They flew out of JFK on the flight they wanted, however since there were no two adjoining seats available, they were separated by 20 rows or so.
Three days later, the couple tried to fly back to JFK, but unfortunately all north-bound flights were full. Ditto the next day, and the next. Finally, after the fourth day, the couple maxed out their credit cards just so the wife could fly home before she lost her job. The husband stayed behind at Rio, with no cash, waiting for a seat to open up on ANY north-bound flight.
Finally, after another five or six days at the airport, Varig allowed him to fly in the one of the flight attendant's seats into Miami. It was then another flight on a domestic carrier into JFK. Total delay: 10 days.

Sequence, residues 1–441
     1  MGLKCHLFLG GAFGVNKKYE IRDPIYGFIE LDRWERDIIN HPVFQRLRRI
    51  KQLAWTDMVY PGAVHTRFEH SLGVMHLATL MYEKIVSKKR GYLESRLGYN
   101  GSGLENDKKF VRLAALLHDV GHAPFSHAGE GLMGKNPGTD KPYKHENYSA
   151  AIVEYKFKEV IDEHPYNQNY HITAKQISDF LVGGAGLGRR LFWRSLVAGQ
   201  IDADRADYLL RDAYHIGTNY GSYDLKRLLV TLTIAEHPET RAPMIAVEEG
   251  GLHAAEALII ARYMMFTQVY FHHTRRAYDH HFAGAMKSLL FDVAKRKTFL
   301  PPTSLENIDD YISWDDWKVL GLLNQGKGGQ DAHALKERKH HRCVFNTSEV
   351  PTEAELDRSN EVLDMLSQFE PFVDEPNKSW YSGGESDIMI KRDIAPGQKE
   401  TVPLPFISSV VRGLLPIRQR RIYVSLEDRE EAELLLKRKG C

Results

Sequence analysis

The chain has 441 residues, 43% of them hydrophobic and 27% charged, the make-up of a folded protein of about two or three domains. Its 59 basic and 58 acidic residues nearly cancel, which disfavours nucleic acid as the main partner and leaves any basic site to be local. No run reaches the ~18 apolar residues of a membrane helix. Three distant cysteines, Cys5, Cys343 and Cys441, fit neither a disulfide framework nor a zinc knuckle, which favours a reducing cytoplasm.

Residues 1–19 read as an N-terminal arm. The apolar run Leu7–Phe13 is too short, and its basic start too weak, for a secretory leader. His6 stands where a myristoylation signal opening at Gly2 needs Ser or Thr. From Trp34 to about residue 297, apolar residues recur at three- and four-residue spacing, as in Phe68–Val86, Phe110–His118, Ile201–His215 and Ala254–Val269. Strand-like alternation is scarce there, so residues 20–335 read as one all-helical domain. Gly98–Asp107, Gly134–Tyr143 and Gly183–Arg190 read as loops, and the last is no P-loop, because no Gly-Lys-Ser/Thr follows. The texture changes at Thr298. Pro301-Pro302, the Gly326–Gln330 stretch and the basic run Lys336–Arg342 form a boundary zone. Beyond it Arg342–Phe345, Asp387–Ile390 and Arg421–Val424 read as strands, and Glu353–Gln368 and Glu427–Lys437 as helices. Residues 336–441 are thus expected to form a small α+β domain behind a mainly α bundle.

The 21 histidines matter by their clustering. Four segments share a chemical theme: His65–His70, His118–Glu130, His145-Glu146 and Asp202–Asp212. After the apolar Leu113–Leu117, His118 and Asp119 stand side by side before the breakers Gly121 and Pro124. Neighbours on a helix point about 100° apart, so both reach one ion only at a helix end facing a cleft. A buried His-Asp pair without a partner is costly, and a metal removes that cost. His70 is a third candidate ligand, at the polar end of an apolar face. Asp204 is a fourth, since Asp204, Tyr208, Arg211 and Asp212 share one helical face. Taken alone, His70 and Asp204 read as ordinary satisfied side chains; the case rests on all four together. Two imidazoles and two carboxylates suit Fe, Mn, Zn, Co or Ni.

Suggested By: Green Pig,Photo Credit: Mario Tama/Getty Images
And you couldn't even pronounce it! Still, let's look at it from the bright side. My X-type is too a real Jaguar:
I had a friend get stuck in Paris for 10 days during that. His response, I'm on an expense account for my room and food, best vacation ever.
Suggested By: sm0key
It had a scheduled departure from Birmingham, Alabama, and was supposed to make several stops in Florida and Georgia before landing in Mobile Alabama. However, a few unruly passengers caused the plane to divert to Detroit, Toronto, Knoxville, Cuba, Orlando, and Cuba again. It was several days before the passengers reached their intended destinations, if they reached them at all.
Suggested By: For Sweden, Photo Credit: AP Images
Known as Operation Entebbe, if there's one place that's worse to end up with on a highjacked plane than Cuba, it's Uganda.
The Israeli Army was needed, and you know how tough those solders are.
You know, it's ironic that you posted this article. I was just in Israel for the past two weeks, and we stopped at the grave of Yonatan Netanyahu and were told the story of this mission. Crazy stuff man.
Suggested By: Demon-Xanth, Photo Credit: Getty Images